One recent afternoon in downtown Oakland, armor clad, baton-wielding riot cops rushed toward a crowd of protesters wearing blue shirts that read, “Shut Em Down.” Only this clash, on Franklin Street near 20th Street, was eerily quiet. And after a few minutes, someone shouted, “Reset!” Everyone resumed their places, then the melee repeated.
That’s because they were shooting a scene for Sorry to Bother You, a magical-realist feature film by Coup bandleader and agitprop polymath Boots Riley. The movie’s protagonist is a Black telemarketer named Cassius, who learns a trick to getting ahead in the call-center: sound white.
Details glimpsed on the set of Sorry to Bother You — Riley’s directorial debut, based on his screenplay published by McSweeney’s in 2014 — suggest that this setup quickly skews weird and tense. The telemarketers go on strike, and the management, considering those riot cops, seem reluctant to negotiate.
Many of the striking telemarketers were wearing fake afros, each affixed with crumpled, custom soda cans (designed, like other props for the movie, by local artist J. Otto Seibold). And that’s to say nothing of the hulking papier-mâché man and horse that copulated on-camera earlier that morning on Broadway.
Riley has been recruiting extras for the movie, which is set in Oakland, through Facebook. Filming locations aside from Franklin Street include The Layover, the shuttered Best Music on Broadway, and Seventh Street in West Oakland.
Sorry to Bother You is funded by independent film companies such as Cinereach and Forest Whitaker’s Significant Productions, plus a grant from the San Francisco Film Society and Kenneth Rainin Foundation. Lakeith Stanfield (Atlanta and Get Out) plays Cassius, and other actors include Armi Hammer, Tessa Thompson, Steven Yeun, Jermaine Fowler, Omari Hardwick, and Terry Crews.
Thompson was spotted on set wearing earrings bearing the title of Riley’s 2015 book of lyrics and analysis: Tell Homeland Security We Are the Bomb.
After the Ghost Ship fire, members of longtime underground party collective SPAZ are rethinking their storied events, and exploring new sources of funding.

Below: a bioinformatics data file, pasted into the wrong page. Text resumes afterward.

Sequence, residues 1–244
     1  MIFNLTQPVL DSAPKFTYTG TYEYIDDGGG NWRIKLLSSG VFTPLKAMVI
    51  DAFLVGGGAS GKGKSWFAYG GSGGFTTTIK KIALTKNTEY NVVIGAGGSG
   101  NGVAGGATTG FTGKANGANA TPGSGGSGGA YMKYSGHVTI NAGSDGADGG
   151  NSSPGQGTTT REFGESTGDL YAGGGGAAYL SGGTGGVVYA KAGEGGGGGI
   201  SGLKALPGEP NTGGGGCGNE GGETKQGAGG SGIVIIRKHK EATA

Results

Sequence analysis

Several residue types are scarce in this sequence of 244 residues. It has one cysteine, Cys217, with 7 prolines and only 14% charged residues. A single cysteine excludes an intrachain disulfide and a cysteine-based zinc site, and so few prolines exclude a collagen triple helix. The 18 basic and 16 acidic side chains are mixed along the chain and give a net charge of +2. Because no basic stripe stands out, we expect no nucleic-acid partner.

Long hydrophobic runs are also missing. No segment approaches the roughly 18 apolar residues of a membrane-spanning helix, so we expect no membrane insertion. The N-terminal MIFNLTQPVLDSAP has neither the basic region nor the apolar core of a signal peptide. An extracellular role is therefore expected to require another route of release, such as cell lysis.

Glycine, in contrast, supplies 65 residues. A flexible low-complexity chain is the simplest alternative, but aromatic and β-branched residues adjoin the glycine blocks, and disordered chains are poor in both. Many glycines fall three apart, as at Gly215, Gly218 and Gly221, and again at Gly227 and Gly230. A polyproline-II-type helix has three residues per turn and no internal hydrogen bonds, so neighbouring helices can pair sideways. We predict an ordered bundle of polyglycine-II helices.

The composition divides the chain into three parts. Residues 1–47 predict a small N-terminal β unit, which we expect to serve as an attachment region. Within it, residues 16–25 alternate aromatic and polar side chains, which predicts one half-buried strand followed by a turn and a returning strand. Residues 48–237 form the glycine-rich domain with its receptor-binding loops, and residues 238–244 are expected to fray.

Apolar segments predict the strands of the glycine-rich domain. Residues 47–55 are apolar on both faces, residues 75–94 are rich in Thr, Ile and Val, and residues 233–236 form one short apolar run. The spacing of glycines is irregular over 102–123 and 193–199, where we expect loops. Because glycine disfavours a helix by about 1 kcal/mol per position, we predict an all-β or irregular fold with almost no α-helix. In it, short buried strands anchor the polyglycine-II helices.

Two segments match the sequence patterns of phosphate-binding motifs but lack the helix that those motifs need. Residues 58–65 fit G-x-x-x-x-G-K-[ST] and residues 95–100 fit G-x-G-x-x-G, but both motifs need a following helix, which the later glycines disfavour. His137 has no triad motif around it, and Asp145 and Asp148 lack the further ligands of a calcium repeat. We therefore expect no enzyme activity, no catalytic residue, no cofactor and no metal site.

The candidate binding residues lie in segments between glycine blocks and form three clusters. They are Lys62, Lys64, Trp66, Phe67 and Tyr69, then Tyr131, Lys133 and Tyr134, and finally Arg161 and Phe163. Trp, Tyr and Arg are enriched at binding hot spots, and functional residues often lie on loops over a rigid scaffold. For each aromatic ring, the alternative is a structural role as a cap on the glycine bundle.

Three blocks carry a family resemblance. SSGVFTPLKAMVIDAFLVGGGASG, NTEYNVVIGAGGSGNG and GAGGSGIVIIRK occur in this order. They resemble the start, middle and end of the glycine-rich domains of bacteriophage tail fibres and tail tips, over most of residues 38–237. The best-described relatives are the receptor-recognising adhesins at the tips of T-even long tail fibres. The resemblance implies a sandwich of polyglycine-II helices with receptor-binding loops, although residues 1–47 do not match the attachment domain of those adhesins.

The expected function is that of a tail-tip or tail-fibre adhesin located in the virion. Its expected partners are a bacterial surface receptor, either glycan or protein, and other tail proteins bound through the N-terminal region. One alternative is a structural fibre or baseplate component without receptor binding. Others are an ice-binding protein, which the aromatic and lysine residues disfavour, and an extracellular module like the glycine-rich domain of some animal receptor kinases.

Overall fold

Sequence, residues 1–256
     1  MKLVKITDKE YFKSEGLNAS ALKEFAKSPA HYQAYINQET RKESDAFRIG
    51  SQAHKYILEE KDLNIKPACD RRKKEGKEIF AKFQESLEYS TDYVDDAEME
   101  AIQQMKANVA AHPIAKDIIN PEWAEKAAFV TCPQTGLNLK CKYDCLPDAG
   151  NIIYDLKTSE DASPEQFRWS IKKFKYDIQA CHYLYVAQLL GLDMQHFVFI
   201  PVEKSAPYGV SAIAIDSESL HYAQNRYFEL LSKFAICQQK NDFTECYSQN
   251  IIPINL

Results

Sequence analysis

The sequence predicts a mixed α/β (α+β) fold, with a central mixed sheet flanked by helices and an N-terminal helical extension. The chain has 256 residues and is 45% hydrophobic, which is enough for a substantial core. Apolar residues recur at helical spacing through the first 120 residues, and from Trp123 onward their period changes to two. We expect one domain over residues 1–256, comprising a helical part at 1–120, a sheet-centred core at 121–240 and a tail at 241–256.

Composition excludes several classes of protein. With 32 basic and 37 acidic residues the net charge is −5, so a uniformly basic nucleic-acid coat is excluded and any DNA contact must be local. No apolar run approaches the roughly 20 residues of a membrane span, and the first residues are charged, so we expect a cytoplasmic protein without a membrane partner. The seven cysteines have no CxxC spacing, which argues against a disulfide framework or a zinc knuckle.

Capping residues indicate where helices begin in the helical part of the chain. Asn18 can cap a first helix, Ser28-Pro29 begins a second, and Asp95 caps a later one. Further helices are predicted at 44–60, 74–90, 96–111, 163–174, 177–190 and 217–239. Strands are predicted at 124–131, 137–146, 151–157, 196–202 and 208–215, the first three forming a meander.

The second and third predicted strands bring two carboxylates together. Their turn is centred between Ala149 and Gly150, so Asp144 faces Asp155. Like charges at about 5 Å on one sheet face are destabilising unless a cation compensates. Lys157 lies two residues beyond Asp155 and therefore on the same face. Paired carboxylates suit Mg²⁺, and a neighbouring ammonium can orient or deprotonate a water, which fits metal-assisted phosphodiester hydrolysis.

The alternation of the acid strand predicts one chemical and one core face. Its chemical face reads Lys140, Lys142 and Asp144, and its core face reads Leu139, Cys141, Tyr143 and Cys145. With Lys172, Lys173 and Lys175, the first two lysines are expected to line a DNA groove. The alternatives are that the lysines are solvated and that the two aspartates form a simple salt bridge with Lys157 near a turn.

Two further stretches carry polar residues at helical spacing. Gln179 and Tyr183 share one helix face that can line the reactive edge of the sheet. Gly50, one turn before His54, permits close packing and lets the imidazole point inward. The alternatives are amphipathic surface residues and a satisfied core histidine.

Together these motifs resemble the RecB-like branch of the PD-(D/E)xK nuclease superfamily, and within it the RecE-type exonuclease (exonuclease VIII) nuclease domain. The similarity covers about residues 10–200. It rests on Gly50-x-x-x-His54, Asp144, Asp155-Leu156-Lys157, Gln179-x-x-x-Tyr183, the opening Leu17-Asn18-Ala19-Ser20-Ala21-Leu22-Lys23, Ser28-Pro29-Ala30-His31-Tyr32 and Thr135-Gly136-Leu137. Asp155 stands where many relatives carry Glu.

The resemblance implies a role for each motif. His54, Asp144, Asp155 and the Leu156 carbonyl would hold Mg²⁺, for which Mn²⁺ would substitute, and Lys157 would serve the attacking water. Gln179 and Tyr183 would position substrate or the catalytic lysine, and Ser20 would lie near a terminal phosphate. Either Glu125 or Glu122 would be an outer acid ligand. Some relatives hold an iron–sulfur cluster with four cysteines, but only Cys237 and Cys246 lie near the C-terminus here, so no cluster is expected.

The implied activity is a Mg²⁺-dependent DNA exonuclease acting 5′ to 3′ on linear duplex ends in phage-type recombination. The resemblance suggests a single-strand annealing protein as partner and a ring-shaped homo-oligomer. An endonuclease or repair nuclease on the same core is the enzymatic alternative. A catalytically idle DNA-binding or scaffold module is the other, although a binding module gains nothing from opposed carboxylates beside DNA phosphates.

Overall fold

SPAZ, which stands for Semi-Permanent Autonomous Zone, has been active in the Bay Area for more than twenty years — organizing warehouse parties, political actions, and secretive campouts (not unlike the closely allied outfit Katabatik).
The collective, a loose group of a dozen or so main organizers, is effectively a non-commercial, volunteer-run enterprise that often quietly backlines similar events. Though garnering little press over the years, participants in underground electronic music of a self-consciously political stripe consider SPAZ a hallowed name.
Like shadowy arts and culture operators throughout the Bay Area, though, SPAZ organizer Lukas “Whatwhat” Smithey says the Ghost Ship fire this past December changed everything.
Smithey explained that, in recent years, a decline in flexible, out-of-the-way commercial spaces meant that SPAZ slowed to throwing three or so larger events every year.
And since the fire, they’ve only organized one larger-scale, late-night event in Oakland, at an underground venue that Smithey says shuttered shortly thereafter. “That one was in December,” he said. “So, it turned into more of a memorial gathering.”
The downtick, Smithey says, makes it harder for SPAZ to cover costs, namely rent on the shipping container they use to store equipment (which also doubled last year), plus secure parking for a sound-system bus. So, SPAZ this month launched a page on Patreon, the content subscription-service popular among independent artists and writers.
The Patreon asks people to pledge $20 a month. That gets you a hand-made punch card that guarantees half-off to SPAZ’s next 23 events. Smithey says this just formalizes what was once normal: supporters sometimes pulling out of pocket to pad the group’s overhead.
“It’s a dues collection, so to speak,” Smithey said. “Only we don’t have to ask everyone every month.”
Going forward, Smithey says SPAZ is more focused on outdoor events out of town, and street actions locally. Lending amplifiers, lights, generators — Smithey says that, with parties fewer and further between, SPAZ is keen to share resources and show solidarity with other social justice oriented events.
“We want to keep lending tactical support to other groups,” Smithey said. “SPAZ has never fit in one box.”